July 2010

My talk from JIF2010, in pictures
This is just to amplify a few of the points I made in my talk today in the "Thunderbolts and Lightning" session at the JISC Joint Innovation Forum conference at Royal Holloway.  The graphic at the head of this posting was kindly produced by the good folk at Meeting Magic as a summary of the session.

The concept of the sessions was to look at the emerging threats and challenges facing institutions.  I chose to think more in terms of new opportunities and how we might take advantage of them.

Let's begin by following on from my recent posting about the iPad.  The conceit here is that the iPad has taken off because it meets most people's needs, most of the time. Whether or not you agree with this, it turned out that lots of people did want a big iPhone :-)

It may be worth reflecting on whether this owes more to an improved user experience through multitouch, or a reduction in the number of frustrating failure modes associated with a more complex device.

So, will Steve Jobs be on stage this time next year announcing a 27" iMac running iOS?

OK, so that's a provocative title for this post, and let's face it - much of the hyperbole surrounding the iPad is cringeworthy.  But spend a bit of time looking at what people are doing with the technology, and an interesting picture emerges.

First off, here's Penguin Books CEO John Makinson demonstrating the work that his team has been doing to reimagine their back catalogue for the iPad, and create new "books" that fully exploit its capabilities: (note that these are Apps, not "conventional e-books" in EPUB format)

Next up, Flipboard, an App that creates an interactive newspaper for you based on public newsfeeds and a mash up of your friends' Facebook and Twitter posts: (no paywalls here ;-)

At Loughborough we're currently gearing up to roll out the Terminal Four Site Manager CMS. We're looking at quite a nice hosting environment, with multiple front end web server VMs at separate locations with Linux Virtual Server for load balancing and failover.

This setup is great for handling problems like localised hardware failures and operating system bugs, but what happens in the event of a catastrophic failure such as the fire that destroyed the School of Electronics and Computer Science at Southampton University?  (Ballardian picture above from Dr John Bullas)

I'll blog about our wider institutional emergency planning separately.  For this post let's consider what we could do to maintain a Web presence if circumstances conspire to cut off our Internet connection, or there's a major IT systems failure.  We live in straitened times, so I'll frame this in monetary terms!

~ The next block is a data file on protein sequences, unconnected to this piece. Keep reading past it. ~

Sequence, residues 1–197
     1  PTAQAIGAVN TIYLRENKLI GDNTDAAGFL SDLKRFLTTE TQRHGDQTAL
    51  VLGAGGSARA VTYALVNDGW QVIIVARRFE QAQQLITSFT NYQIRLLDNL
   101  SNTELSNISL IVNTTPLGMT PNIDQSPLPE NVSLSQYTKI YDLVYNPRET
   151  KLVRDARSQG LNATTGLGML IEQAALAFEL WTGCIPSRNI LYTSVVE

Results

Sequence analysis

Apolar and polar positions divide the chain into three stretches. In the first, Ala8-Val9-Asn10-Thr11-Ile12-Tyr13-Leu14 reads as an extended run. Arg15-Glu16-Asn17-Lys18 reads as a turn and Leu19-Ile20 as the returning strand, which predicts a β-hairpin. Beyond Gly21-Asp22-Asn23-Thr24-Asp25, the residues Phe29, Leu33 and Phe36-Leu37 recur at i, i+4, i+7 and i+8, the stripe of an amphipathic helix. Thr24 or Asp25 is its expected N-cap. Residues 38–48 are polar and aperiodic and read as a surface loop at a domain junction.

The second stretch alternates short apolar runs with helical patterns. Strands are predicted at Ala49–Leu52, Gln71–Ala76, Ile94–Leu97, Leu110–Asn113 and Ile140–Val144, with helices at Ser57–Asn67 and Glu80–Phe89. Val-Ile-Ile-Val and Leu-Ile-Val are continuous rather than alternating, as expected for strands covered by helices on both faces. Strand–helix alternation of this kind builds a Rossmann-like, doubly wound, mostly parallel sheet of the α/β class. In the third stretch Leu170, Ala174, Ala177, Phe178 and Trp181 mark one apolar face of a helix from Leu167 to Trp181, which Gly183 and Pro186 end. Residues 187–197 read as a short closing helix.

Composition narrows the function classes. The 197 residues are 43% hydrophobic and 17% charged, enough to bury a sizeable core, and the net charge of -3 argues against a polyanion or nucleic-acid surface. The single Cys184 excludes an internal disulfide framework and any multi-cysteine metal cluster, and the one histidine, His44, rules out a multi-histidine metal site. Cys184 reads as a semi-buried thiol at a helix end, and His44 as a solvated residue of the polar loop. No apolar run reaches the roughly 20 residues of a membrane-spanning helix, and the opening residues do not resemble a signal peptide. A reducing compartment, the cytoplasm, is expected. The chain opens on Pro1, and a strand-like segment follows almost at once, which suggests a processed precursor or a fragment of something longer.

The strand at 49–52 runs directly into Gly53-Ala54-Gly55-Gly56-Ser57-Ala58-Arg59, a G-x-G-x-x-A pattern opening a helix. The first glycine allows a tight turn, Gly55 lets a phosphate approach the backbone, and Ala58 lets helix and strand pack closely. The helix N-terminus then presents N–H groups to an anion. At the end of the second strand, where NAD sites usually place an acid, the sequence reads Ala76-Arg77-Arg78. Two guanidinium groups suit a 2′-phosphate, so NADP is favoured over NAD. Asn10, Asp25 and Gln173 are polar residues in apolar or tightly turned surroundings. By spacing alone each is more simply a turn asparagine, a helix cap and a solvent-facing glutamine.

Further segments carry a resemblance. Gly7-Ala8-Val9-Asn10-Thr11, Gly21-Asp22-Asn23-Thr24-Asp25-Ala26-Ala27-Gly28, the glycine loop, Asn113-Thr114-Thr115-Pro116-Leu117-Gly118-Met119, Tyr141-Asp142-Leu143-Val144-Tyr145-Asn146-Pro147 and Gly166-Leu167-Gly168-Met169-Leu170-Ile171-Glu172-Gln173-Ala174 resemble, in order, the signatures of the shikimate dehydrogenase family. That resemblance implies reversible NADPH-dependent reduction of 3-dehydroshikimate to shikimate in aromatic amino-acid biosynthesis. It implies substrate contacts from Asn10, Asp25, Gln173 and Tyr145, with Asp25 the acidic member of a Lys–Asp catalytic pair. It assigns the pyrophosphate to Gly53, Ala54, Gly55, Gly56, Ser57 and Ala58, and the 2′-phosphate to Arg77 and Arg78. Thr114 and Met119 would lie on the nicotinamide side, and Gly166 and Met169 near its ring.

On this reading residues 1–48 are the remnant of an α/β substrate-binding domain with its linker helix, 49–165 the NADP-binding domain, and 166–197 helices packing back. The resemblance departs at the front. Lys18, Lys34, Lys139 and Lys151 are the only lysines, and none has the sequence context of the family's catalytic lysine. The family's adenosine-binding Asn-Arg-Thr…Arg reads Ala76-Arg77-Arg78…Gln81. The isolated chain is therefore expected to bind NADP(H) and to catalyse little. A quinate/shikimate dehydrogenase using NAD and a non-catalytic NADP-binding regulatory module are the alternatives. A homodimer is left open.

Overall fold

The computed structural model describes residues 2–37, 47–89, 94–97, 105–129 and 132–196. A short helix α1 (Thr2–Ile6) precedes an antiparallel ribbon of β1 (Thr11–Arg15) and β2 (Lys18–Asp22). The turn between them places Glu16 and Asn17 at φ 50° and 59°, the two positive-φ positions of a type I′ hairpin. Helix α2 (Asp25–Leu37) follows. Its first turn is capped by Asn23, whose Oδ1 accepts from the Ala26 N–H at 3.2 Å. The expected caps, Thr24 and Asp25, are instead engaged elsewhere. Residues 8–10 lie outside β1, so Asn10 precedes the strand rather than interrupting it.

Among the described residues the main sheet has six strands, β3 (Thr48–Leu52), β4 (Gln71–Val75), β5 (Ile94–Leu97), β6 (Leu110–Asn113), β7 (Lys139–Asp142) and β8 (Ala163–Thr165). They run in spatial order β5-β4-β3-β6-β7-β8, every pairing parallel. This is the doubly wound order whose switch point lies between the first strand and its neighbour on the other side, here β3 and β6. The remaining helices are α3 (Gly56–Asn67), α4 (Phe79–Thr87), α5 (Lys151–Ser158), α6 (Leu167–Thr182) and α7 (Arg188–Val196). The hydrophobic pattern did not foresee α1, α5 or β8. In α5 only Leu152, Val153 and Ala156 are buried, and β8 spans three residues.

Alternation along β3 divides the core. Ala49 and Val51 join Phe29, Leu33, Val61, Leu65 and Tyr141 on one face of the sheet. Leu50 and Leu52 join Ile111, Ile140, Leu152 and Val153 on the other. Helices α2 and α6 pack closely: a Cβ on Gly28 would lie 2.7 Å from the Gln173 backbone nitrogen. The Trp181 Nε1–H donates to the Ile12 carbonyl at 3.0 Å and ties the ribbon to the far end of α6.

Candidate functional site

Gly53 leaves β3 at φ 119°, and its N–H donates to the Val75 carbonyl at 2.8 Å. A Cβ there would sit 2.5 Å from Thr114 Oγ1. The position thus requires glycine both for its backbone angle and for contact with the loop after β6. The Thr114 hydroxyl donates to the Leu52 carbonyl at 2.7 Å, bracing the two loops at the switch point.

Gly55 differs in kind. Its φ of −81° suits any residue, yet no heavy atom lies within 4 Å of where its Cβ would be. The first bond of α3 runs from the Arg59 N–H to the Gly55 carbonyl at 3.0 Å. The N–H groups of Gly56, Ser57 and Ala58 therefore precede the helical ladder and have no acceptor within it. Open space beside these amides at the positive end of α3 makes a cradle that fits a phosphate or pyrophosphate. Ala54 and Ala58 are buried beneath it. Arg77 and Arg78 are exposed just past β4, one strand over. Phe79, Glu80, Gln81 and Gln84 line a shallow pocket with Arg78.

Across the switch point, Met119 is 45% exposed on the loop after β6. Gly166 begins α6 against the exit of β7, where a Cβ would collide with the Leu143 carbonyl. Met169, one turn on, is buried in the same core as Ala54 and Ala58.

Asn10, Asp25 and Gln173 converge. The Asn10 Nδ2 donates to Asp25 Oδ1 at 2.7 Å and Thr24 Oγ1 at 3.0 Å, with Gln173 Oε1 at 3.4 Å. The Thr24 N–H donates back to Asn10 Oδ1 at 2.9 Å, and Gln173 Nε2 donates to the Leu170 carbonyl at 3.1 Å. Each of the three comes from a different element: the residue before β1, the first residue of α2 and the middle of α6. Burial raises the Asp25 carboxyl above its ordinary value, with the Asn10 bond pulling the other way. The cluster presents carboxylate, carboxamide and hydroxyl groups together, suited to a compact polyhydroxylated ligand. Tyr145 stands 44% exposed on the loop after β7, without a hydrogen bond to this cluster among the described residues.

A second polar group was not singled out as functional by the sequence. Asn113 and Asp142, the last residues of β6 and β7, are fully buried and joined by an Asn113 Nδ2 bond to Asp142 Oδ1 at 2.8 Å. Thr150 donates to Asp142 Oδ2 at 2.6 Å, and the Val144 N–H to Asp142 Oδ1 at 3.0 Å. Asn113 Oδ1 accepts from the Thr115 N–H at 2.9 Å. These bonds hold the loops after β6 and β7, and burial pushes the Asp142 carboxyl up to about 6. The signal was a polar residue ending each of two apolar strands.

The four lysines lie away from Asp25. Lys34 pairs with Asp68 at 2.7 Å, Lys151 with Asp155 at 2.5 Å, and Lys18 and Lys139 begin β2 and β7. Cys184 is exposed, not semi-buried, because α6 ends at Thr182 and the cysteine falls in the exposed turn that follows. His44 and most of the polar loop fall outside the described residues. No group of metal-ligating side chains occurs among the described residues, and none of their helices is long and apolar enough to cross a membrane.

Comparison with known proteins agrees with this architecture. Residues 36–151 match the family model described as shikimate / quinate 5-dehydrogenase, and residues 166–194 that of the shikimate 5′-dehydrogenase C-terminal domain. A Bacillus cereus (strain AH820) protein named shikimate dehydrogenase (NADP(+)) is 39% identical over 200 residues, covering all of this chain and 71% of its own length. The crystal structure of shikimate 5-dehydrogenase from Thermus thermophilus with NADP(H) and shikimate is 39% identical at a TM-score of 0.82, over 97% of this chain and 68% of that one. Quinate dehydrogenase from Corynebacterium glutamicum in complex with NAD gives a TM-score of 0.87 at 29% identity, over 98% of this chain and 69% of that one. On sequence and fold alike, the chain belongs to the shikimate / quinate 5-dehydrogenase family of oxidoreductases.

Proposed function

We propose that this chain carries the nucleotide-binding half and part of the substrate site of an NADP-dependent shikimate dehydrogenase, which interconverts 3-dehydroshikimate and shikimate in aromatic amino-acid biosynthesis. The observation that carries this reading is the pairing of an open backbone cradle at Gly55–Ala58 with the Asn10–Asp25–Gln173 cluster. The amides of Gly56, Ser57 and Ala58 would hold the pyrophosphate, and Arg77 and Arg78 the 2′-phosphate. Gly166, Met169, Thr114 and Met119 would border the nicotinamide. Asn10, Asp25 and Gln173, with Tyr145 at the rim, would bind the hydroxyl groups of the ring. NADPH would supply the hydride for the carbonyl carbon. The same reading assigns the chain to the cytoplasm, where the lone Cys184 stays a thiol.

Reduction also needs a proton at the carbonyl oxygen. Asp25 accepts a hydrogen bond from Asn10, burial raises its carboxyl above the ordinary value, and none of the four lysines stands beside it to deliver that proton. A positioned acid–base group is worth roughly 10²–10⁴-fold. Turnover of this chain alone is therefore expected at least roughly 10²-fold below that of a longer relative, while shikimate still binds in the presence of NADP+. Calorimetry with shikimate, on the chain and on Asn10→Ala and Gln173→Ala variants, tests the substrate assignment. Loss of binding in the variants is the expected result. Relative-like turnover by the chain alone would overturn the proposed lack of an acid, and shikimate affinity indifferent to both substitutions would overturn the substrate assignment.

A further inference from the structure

One of my current projects is to pull together a student portal for Loughborough.  For a variety of reasons we missed the boat and failed to develop such a system back in the Noughties, but I think this is something we can turn to our advantage by learning from other people's experiences.

My view is that our portal (see left for portal concept poster from Ben Spencer in our Web design team) will be mostly about giving people a handy preview of information that's relevant to them, and linking through to systems and services that we already run - rather than imposing a whole new IT system on everyone.  One convenient side-effect of this not being a direct replacement for an existing system is that we will be able to introduce it as and when it's ready, thereby avoiding the traditional mad rush to get everything ready for the start of the academic year.

The initial system will be very tightly scoped, and is mostly about us identifying a sensible underlying architecture that we can continue to build on.  On launch day we are aiming for something along like this:

I was just discussing with colleagues the respective merits of mobile apps, mobile optimised websites (sometimes disguised as apps) and frameworks for building them.  It's interesting to take a look around and see what people have done in this space.

A number of institutions have partnered with oMbiel to offer services based on their campusM product.  Chris Sexton from Sheffield has a good description of what's offered by campusM.  campusM runs as a dedicated iPhone app or a Java midlet for other devices.  I expect an Android app to appear soon too.

In parallel, several institutions have developed their own open source mobile projects, notably Mobile Campus Assistant (from the ILRT at Bristol), Mobile Oxford (from the Erewhon project at OUCS), and MIT's Mobile Web.  A sample screen from Mobile Campus Assistant is shown to the left.

These systems are much more than mobile optimised versions of the institution's website.  They provide key information targeted at the needs of the peripatetic IT user - including staff, students and visitors.  Examples of services offered include: